NACOGDOCHES, Texas - Stephen F. Austin State University has been chosen as one of 44 campuses across the nation to take part in a three-year initiative created by the American Association of State Colleges and Universities.

Aimed at redesigning the first-year experience to embolden students' success in undergraduate years and in the 21st century workplace, Re-Imagining the First Year of College will assist SFA in implementing sustainable changes to help increase student retention and graduation rates.

"Stephen F. Austin State University's selection as one of the 44 institutions in the Re-Imagining the First Year of College program is an honor and an exciting opportunity for our campus," said Dr. Mary Nelle Brunson, associate provost.

Additionally, the initiative provides the opportunity for SFA representatives to attend national conferences and participate in educational webinars to learn best-practice goals. RFY offers one-on-one mentoring, idea sharing, and online tools and resources to their network of selected campuses.

"Participation in this AASCU project will provide SFA with an opportunity to collaborate with other institutions across the nation to evaluate current first-year initiatives and identify those practices that are most promising for SFA students," Brunson said. "Through this project, we will redesign the first year of college at SFA to provide transformational experiences that support the academic success of all Lumberjacks."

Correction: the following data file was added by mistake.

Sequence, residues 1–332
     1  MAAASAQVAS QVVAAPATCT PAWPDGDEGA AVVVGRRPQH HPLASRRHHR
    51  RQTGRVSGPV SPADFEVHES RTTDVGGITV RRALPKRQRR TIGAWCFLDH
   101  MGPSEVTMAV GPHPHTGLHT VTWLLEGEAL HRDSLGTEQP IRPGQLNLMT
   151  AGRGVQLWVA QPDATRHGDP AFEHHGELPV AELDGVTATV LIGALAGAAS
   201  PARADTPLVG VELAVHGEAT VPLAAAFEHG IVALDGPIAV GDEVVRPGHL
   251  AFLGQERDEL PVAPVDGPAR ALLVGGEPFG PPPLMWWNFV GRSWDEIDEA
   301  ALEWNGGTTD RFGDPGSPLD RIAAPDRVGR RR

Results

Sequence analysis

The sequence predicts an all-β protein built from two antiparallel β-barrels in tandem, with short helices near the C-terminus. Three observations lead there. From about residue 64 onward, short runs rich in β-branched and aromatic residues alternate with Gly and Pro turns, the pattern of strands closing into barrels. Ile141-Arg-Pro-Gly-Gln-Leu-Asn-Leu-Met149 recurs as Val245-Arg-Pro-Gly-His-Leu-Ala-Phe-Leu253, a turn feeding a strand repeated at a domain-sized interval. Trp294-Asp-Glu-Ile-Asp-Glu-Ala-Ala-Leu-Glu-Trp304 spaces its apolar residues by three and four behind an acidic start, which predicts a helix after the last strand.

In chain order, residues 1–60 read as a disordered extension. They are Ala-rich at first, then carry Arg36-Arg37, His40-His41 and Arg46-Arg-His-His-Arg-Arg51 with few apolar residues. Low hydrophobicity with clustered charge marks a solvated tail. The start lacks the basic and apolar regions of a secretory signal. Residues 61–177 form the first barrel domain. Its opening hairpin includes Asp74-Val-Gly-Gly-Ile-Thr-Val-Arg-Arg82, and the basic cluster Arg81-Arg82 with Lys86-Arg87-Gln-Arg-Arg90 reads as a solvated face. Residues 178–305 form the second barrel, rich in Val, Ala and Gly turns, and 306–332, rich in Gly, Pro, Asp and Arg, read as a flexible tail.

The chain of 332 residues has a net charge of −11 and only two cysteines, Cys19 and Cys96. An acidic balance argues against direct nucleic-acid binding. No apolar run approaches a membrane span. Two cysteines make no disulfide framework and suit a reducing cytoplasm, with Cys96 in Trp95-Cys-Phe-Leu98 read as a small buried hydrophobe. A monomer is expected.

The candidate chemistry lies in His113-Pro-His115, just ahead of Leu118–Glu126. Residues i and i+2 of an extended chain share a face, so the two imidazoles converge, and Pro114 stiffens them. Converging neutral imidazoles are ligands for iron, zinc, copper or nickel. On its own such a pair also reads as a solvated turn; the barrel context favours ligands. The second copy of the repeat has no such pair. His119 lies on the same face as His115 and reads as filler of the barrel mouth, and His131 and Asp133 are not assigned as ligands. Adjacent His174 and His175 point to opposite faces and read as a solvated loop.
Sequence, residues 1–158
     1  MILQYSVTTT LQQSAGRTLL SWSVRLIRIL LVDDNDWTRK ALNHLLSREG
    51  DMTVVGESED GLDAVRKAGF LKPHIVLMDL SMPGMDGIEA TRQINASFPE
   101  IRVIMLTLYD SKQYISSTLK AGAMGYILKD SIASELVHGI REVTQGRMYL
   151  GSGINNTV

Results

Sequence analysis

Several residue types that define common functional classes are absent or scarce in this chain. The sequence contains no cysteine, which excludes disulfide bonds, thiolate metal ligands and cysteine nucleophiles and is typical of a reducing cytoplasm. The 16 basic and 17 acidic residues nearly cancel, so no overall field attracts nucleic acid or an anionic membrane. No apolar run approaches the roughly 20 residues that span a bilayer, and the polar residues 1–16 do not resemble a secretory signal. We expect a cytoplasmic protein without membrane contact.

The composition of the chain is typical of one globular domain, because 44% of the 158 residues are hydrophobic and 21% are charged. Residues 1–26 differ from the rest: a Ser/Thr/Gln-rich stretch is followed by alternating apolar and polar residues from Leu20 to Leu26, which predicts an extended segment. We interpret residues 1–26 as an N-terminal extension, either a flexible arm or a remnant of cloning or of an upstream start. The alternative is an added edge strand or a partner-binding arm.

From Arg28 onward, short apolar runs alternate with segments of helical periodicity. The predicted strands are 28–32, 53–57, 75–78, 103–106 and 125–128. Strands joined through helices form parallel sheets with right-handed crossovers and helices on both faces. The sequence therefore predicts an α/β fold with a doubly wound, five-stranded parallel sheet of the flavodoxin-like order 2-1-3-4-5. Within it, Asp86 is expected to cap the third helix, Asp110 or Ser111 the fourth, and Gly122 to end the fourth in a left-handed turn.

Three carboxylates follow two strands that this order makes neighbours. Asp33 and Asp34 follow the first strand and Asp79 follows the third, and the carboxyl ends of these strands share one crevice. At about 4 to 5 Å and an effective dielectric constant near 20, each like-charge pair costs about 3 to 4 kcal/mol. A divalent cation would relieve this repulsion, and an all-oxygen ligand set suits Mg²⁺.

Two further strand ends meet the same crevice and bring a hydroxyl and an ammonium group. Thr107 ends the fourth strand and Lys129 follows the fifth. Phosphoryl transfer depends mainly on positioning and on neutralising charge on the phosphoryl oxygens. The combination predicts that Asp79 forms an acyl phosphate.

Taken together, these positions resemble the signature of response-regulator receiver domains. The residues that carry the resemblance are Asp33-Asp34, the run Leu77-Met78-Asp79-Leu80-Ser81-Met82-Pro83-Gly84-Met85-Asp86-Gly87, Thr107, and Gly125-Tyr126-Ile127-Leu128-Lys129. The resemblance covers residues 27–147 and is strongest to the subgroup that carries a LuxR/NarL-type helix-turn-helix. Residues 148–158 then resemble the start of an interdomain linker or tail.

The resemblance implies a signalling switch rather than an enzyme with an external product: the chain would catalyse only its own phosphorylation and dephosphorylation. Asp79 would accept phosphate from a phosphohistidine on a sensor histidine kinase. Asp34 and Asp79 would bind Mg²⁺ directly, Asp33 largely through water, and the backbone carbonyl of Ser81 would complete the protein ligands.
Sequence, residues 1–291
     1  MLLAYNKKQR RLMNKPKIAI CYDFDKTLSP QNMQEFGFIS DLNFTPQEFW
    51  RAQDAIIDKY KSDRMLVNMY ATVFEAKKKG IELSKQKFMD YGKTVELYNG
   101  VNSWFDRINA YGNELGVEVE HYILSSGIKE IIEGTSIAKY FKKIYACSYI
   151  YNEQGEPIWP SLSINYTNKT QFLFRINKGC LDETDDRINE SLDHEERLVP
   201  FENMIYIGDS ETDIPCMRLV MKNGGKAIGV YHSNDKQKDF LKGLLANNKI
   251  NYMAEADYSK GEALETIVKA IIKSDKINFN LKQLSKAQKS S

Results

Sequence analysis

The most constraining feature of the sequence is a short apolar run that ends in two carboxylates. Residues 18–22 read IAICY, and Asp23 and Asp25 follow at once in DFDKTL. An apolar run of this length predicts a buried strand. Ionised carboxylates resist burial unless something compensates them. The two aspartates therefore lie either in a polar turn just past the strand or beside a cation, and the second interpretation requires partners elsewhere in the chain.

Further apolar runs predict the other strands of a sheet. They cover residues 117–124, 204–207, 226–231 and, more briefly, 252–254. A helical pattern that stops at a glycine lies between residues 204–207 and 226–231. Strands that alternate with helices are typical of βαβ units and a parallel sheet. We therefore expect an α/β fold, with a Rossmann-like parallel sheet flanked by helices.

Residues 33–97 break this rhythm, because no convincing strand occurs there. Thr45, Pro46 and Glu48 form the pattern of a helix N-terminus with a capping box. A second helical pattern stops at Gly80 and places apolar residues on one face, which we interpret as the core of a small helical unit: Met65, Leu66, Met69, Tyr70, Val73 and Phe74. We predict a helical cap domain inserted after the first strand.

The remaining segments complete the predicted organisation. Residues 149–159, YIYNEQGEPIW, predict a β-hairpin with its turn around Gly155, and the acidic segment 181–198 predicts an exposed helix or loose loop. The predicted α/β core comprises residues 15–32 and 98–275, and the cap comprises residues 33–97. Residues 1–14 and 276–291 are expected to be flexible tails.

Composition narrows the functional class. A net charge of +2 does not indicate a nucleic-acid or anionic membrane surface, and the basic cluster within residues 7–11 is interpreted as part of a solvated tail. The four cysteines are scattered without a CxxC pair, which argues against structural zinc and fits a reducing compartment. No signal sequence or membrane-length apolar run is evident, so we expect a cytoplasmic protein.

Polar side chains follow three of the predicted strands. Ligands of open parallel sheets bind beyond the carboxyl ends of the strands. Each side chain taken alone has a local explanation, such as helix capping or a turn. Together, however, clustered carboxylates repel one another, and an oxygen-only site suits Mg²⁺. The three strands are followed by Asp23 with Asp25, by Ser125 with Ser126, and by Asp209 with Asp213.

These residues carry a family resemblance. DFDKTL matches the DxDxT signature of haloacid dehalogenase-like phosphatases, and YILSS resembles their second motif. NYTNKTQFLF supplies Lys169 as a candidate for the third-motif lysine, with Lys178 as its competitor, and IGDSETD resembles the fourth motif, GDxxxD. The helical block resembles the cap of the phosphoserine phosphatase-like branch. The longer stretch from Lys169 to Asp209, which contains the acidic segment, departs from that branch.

The RFY initiative is funded by the Bill and Melinda Gates Foundation and USA Funds. It officially began Feb. 2, at the AASCU Academic Affairs Winter Meeting in Austin, Texas, and will run through the 2018 calendar year. During that time, it is the initiative's goal to have developed a comprehensive first-year program that engages the entire campus and can be carried forward.

"RFY seeks to inspire redesigned approaches that work effectively for all members of an increasingly diverse, multicultural, undergraduate student body," according to the AASCU website, "eliminating the achievement disparities that have plagued American higher education for generations. Ultimately, redesigning this critical first year will allow for broader reform of the undergraduate experience in the future."

The initiative is meant for all undergraduates, but focuses particularly on those who have been underserved historically in higher education, including low-income, first generation and students of color, according to the AASCU.

"We are pleased that these AASCU institutions will commit their enormous talent and knowledge to the success of this initiative, which I believe will have a profound effect on undergraduate education in the 21st century," said George Mehaffy, vice president for academic leadership and change at AASCU. "The state colleges and universities we selected for RFY represent a broad swath of the institutional landscape and exhibit strong leadership and other qualities that are conducive to effecting broad-scale and sustainable change. Together, with the engagement of all campus stakeholders - from students to academic leadership - we will strive to transform the first-year student experience and ensure student success."

For more information, visit the AASCU website at